using sandpaper on a headlight, with or without a machine, is a high-risk strategy, as it’s all too easy to do irreparable damage. it’s best to begin using as little pressure as possible, then build up from there until you’re confident in the amount of pressure you’re using.
if you are at all unsure about your ability to do the job without damaging the headlight, don’t do it. the headlights in most current cars are sealed units, so you can’t just replace a damaged cover. a whole unit can cost many hundreds of pounds.
if you want to carry on, here’s how to do it:
- wet headlight and 400-grit sandpaper with warm water
- sand in a circular motion, using light pressure, keeping the sandpaper and headlight wet
- once you’ve sanded the whole headlight, sand in horizontal lines to finish.
- go over the headlight again with wet 600-grit sandpaper, using a circular motion
- once you’ve sanded the whole headlight, wash it off with clean water
- go over the headlight again with wet 2000-grit sandpaper, using a circular motion
- once you’ve sanded the whole headlight, make sure all dirt has been removed. re-sand if necessary
- clean and dry the headlight, then apply a protective wax.
other useful cleaning products
it’s not just dirt that can build up on headlights. dead insects, tar, rubber and all sorts of other heavy-duty gunk can be beyond the capability of even the best shampoos and polishes. but there are plenty of stronger cleaning chemicals available, formulated specifically to deal with insects, tar and so on.
if cleaning the headlights didn’t work
if your headlights still aren’t shining brightly after a thorough clean, there could be another problem. the cover could’ve gone cloudy, have condensation, or the ‘silvering’ on the headlight bowl could be deteriorating. there are restoration kits available to sort these problems, but in severe cases replacement might be the best solution.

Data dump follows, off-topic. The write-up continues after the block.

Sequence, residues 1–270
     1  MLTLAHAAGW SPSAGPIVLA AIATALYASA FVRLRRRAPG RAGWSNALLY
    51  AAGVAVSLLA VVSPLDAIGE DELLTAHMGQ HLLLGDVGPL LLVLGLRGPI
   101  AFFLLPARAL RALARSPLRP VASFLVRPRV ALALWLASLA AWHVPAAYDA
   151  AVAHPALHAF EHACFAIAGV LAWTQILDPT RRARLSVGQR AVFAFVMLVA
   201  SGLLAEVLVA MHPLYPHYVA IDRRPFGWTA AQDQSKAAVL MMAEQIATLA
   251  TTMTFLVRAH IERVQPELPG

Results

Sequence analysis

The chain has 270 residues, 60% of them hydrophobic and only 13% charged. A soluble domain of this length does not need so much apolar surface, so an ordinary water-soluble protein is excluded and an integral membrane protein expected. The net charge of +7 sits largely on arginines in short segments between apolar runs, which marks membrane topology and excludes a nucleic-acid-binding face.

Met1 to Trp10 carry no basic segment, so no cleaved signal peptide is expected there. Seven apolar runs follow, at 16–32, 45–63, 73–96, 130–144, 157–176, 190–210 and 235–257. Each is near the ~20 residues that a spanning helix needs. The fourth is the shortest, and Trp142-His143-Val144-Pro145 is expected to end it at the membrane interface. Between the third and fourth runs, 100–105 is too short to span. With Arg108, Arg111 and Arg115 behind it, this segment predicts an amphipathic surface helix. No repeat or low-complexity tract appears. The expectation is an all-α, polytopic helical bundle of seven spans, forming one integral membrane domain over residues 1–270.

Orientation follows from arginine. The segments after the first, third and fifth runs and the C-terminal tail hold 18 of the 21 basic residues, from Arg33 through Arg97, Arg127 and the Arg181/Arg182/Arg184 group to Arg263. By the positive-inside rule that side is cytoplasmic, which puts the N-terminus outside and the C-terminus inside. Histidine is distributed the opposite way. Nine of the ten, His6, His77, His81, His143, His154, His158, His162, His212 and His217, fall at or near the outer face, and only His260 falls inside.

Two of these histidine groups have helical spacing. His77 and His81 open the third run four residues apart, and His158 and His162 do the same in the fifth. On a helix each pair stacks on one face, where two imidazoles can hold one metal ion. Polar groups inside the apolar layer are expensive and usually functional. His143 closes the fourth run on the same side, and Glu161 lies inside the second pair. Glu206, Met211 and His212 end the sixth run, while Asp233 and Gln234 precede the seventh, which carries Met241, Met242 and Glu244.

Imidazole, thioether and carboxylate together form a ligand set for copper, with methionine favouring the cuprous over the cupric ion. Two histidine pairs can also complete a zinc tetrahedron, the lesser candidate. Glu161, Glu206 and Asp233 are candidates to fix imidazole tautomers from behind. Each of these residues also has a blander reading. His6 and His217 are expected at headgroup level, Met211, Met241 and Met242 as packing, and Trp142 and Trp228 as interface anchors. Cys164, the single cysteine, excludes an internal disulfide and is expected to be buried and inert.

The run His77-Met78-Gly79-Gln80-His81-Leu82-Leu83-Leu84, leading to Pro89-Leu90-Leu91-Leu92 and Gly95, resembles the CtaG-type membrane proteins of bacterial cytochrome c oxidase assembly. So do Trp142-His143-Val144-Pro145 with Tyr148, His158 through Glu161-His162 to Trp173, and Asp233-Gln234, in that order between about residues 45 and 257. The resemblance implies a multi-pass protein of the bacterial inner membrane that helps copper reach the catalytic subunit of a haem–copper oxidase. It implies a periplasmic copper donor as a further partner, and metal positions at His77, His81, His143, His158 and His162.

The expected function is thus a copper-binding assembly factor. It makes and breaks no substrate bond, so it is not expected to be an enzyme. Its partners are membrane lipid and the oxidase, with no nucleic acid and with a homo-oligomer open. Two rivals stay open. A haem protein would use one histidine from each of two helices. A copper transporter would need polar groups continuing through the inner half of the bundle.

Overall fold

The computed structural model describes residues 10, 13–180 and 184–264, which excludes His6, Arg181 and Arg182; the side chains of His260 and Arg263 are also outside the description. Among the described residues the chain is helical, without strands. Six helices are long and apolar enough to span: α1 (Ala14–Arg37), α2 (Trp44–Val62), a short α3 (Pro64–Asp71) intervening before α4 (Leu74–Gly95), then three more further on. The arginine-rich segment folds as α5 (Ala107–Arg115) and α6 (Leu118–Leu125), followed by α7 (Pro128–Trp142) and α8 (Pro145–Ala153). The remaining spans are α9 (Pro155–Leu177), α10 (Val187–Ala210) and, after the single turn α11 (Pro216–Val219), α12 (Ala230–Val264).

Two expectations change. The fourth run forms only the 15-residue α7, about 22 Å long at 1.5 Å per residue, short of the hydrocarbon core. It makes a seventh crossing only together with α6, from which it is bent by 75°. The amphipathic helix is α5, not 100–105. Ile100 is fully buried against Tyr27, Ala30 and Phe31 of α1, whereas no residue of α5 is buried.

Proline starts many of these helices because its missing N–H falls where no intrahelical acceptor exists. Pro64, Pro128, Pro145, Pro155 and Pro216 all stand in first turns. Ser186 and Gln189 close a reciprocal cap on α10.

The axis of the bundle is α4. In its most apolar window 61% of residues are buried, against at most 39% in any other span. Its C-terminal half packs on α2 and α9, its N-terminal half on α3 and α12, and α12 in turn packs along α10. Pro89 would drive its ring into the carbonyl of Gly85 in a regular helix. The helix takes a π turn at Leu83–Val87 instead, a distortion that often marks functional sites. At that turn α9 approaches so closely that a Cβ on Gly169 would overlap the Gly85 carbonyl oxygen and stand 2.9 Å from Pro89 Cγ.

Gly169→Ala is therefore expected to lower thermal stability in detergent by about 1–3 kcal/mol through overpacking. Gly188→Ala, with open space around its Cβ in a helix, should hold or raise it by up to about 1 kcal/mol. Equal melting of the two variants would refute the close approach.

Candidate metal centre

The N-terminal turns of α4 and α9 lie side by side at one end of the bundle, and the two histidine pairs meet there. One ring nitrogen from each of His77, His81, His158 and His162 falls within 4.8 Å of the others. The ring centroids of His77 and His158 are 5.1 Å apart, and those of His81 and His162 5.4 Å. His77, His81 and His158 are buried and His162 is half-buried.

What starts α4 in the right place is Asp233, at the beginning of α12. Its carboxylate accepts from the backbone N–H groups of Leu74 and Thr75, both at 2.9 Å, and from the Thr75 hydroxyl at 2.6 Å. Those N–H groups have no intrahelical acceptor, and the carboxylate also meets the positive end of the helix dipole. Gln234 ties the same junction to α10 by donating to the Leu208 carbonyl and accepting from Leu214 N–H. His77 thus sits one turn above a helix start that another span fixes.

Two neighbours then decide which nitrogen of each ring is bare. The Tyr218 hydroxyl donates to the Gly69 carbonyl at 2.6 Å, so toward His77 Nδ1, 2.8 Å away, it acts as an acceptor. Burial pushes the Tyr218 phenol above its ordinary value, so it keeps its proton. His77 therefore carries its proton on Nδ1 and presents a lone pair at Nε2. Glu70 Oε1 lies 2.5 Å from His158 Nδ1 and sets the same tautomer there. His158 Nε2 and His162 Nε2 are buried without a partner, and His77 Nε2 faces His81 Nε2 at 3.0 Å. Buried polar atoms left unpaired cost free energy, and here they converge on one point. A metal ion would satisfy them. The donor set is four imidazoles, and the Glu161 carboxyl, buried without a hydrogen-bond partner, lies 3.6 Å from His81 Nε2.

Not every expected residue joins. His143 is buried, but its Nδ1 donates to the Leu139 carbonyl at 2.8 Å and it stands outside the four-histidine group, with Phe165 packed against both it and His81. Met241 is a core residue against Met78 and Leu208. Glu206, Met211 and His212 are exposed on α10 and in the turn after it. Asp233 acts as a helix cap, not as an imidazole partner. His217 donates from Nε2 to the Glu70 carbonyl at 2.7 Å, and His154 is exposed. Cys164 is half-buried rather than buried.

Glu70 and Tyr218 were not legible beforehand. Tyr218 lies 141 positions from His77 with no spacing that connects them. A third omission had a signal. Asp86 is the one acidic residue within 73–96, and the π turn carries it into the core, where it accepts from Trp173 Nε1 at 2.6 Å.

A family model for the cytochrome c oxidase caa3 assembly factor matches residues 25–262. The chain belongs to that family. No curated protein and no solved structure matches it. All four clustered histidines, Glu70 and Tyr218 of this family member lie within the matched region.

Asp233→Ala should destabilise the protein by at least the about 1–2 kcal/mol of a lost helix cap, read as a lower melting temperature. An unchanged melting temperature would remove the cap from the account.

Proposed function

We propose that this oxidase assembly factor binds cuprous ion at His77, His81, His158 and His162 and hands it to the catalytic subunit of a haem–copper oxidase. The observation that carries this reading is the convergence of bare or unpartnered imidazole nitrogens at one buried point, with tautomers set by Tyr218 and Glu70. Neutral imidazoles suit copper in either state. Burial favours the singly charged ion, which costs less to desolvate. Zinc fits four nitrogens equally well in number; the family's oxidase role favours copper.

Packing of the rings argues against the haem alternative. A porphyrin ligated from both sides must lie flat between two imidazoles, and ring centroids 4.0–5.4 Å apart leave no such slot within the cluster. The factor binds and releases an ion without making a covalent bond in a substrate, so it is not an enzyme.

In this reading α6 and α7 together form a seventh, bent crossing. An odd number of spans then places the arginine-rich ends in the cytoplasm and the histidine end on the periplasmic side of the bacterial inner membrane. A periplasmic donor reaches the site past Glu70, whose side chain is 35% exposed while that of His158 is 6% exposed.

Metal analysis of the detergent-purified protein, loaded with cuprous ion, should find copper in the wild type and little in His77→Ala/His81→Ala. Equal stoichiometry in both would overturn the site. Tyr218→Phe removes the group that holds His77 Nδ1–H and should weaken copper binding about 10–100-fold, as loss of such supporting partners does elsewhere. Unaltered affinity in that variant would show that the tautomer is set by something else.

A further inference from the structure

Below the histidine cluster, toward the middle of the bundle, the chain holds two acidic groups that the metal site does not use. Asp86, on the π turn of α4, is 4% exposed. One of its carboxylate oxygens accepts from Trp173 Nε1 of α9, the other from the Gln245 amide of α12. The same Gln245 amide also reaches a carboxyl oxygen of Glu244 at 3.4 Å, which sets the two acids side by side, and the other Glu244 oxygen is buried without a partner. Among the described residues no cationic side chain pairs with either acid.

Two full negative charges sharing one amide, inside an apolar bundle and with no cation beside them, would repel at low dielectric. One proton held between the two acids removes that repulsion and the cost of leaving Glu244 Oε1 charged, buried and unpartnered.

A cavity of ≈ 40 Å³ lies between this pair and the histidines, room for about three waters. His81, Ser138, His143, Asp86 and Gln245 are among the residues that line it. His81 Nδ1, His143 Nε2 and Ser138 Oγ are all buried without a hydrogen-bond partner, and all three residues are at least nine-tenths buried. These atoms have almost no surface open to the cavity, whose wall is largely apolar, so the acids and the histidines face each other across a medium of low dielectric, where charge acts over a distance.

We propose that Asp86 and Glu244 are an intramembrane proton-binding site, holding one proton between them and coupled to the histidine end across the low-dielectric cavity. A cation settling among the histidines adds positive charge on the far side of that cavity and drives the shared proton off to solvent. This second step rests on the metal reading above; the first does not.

other headlight maintenance tasks
while cleaning the headlight itself, clean the bodywork around it as well. in particular, try to get into any panel gaps above the headlight. if the bonnet butts up to the headlight, lift the bonnet and clean the area where they meet, including the underside of the bonnet. this will stop trapped dirt running down when it gets wet.
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whilst you’re at it, make sure the bulbs work. most cars have an on-board computer that will flag up any bulbs that don’t work, but it’s worth doing a manual check. whether or not replacement is a diy task depends on the car – the manual will tell you.
other things to keep clean
all other lights should be kept clean, as should the number plates, door mirror glass, wiper blades and, of course, the windows, both inside and out.
remember that all these things are safety-critical, too. if the police think they’re too dirty, they can stop and fine you for driving a car in an unsafe condition.
most modern cars have cameras and sensors, as well. they are usually found at the top of the windscreen, in the bumpers, grille, boot lid and door mirrors. these should also be kept clean, otherwise they might not function properly, compromising the drivability of the car.
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just wash your car regularly
if you went round your car cleaning all the lights, windows, number plates, cameras and sensors, it would only serve to highlight how dirty the rest of the car is and probably wouldn’t save much time anyway!
better, then, to regularly wash the whole car as thoroughly as possible. that way, you avoid layers of tough grime building up in safety-critical places that then need a lengthy and potentially expensive cleaning process to sort out.
it’s the age-old adage of prevention is better than the cure.